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Iraqi forces capture Kurdish-held city
Posted on Oct 16, 2017
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16 Oct 2017

Hours after Iraqi government forces captured the Kurdish-held city of Kirkuk on October 16th, Canada’s minister of National Mefence, Harjit Sajjan, told reporters that the federal government remains optimistic of a peaceful resolution of dispute over the autonomous region of Iraqi Kurdistan. He called the latest developments “internal issues that they have to resolve.”

A convoy of armored vehicles from Iraq's elite Counter-Terrorism Force, trained by the United States, seized Kirkuk's provincial government headquarters less than a day after the operation began. Casualties were reported on both sides but were understood to be limited.

Earlier, as the Iraqis advanced, Kurdish operators briefly shut down some 350,000 barrels per day of oil output at two large fields, but production resumed shortly thereafter when Iraq threatened to seize the resources.

Outside the House of Commons immediately after Question Period, Sajjan was asked how Canada was handling the situation, given that Canadian Armed Forces personnel had been working closely with the Kurdish regional military, the Peshmerga.

He replied that Canada remains committed to a unified Iraq so that it can concentrate on dealing with ISIS or Daesh. “Great work has been done with all parties of the coalition and the Iraqi forces, and we want to continue with that, so we’re encouraging all parties to focus on the main threat itself and […] resolve the situation quickly and peacefully.”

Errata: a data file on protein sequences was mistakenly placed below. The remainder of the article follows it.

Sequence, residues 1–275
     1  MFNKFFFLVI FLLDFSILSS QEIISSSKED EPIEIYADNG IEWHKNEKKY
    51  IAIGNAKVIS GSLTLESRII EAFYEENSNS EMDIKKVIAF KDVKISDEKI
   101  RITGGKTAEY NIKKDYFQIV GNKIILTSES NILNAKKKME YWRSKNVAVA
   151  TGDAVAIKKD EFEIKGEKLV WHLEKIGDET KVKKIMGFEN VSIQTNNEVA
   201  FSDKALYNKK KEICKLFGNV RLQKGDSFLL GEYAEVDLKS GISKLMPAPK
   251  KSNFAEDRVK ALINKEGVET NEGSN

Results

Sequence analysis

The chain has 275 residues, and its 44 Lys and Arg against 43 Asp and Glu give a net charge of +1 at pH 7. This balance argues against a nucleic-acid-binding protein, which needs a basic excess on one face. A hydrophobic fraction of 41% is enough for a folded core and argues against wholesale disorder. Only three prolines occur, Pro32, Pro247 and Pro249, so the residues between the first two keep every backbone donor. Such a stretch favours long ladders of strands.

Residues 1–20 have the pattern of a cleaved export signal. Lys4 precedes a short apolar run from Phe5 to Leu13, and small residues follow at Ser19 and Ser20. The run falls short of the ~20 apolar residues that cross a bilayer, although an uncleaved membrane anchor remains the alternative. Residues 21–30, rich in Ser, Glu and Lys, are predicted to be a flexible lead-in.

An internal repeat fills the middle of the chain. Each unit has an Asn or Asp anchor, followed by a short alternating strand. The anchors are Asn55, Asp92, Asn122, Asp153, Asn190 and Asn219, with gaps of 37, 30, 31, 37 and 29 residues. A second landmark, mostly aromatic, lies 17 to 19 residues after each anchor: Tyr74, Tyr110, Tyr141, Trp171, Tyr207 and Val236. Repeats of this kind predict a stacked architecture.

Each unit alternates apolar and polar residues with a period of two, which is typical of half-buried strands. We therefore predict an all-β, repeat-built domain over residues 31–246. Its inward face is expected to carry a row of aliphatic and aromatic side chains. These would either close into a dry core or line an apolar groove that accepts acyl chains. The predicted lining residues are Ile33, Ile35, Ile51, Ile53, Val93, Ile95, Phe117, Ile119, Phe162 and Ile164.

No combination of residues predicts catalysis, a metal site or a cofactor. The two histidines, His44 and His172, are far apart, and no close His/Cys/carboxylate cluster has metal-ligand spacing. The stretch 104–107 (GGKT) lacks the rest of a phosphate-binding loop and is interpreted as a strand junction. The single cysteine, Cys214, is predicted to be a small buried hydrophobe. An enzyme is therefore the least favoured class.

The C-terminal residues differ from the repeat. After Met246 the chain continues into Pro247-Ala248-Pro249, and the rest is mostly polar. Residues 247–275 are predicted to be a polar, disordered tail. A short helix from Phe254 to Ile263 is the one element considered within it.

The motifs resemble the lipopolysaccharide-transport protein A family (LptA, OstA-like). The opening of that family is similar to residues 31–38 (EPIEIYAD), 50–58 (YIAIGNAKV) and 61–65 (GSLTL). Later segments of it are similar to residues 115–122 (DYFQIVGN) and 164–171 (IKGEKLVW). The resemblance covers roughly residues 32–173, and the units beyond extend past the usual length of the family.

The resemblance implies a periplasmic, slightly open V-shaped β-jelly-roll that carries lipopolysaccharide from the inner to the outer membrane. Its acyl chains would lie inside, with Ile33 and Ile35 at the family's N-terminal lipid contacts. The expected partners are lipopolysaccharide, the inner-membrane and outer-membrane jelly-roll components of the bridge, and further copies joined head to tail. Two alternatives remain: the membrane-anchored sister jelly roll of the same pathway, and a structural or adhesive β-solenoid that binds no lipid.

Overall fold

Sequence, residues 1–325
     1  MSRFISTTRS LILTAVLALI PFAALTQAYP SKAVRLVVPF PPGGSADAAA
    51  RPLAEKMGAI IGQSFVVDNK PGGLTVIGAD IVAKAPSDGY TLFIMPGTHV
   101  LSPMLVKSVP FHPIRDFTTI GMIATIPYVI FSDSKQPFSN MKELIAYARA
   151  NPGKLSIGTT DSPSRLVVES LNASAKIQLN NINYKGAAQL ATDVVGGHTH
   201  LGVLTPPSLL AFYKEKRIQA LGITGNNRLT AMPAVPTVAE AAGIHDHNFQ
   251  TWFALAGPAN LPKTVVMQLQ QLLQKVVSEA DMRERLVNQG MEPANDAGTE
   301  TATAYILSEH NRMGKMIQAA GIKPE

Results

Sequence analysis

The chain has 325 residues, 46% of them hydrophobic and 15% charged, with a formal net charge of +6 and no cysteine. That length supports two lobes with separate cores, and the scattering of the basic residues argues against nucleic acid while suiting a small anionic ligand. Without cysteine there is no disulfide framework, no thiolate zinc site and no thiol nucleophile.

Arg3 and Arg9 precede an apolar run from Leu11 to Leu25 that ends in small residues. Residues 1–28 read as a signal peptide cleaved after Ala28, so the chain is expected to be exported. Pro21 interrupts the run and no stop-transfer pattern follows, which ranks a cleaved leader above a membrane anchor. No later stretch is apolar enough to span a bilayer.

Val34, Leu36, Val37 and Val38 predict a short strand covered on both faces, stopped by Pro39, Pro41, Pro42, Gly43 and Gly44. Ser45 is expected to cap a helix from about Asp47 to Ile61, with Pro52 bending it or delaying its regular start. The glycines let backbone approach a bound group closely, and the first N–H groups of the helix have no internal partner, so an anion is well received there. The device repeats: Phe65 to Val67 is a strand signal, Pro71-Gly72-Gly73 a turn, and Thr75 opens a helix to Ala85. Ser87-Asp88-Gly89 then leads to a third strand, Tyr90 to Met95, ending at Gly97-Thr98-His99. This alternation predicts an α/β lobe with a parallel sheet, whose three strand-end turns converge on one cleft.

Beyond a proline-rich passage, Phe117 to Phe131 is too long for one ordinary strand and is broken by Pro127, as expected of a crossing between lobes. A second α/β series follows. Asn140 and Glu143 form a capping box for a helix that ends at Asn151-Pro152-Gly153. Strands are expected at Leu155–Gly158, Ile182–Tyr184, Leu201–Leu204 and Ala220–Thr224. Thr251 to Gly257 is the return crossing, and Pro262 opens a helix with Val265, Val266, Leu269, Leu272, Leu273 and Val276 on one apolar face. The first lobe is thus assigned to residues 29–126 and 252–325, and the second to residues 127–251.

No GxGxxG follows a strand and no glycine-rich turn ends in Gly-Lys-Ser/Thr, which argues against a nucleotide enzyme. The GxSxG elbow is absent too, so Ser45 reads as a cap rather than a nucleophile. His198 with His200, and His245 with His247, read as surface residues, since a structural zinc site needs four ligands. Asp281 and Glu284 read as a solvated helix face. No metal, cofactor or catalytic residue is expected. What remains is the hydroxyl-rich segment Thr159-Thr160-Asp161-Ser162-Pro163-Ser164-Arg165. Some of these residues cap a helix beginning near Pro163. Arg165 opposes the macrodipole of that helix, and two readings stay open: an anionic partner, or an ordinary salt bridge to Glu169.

This includes working “within the Iraqi security forces” and “making sure that the Iraqi government is fully in the loop.” He added that “what scares me” is creating conditions that would foster any new terrorist insurgency. “That’s what happened in the past. So we not only want to defeat this threat, we want to actually prevent the situation for allow any new type of group to be formed as well.”

Sajjan demurred when asked whether Canada, having worked with Iraqi and Kurdish military, had any specific responsibility under the new situation in which the Iraqi government responded to a Kurdish referendum on independence by sending its troops into Kirkuk.

“The direct threat is not over,” he reiterated. “Great progress has been made since we revamped our mission into Iraq. I’m very proud of the work that the Canadian Armed Forces has done. I’ve always stated we want to work with the Iraqi security forces, work with a unified Iraq. Our leadership on the ground, even including the coalition, have a very good relationship with the Iraqi government, the Kurdish leadership as well. Anything that we do is about defeating Daesh, so we work very closely with all parties to making sure that any support that we provide is focused on the mission at hand, and that’s exactly what we’re doing.”

When it was suggested that Canada has been so focused on the ISIS/Daesh opposition that it has not considered issues “that everyone knew was coming” such as the Iraqi government’s fight with Kurdish separatists, the minister said yet again that ISIS/Daesh is the main threat.

“They pose a direct threat in the region” he said, adding “we will remain committed to defeating Daesh,” he said, pointing out that when he visited the region, he had stressed the need to look at the conditions from which ISIS emerged.

“As one general on the ground said, ‘right now Daesh is the son of Al-Qaeda’. We have to make sure that the conditions afterwards once we defeat Daesh are not created so that the grandson of Al-Qaeda is not created. So we’ve been looking at this for some time, and we look forward to that all parties involved can resolve this peacefully.”

He said the preferred focus for Canada going forward is “capacity-building.” That included building up the Iraqi security forces and a “whole of government approach” which also would involve domestic police services and the government’s bureaucracy “so that they actually can serve their citizens, so that will actually prevent any radical groups from actually forming again.”

– Ken Pole

Canada's support for the Kurds brings unintended consequences (Feb 2016)
http://ottawacitizen.com/news/politics/the-ripple-effect-canadas-support-for-the-kurds-brings-unintended-consequences

What is Canada's role in Iraq? (Nov 2016)
http://www.macleans.ca/news/quagmire-iraq-could-get-messy-for-canada/

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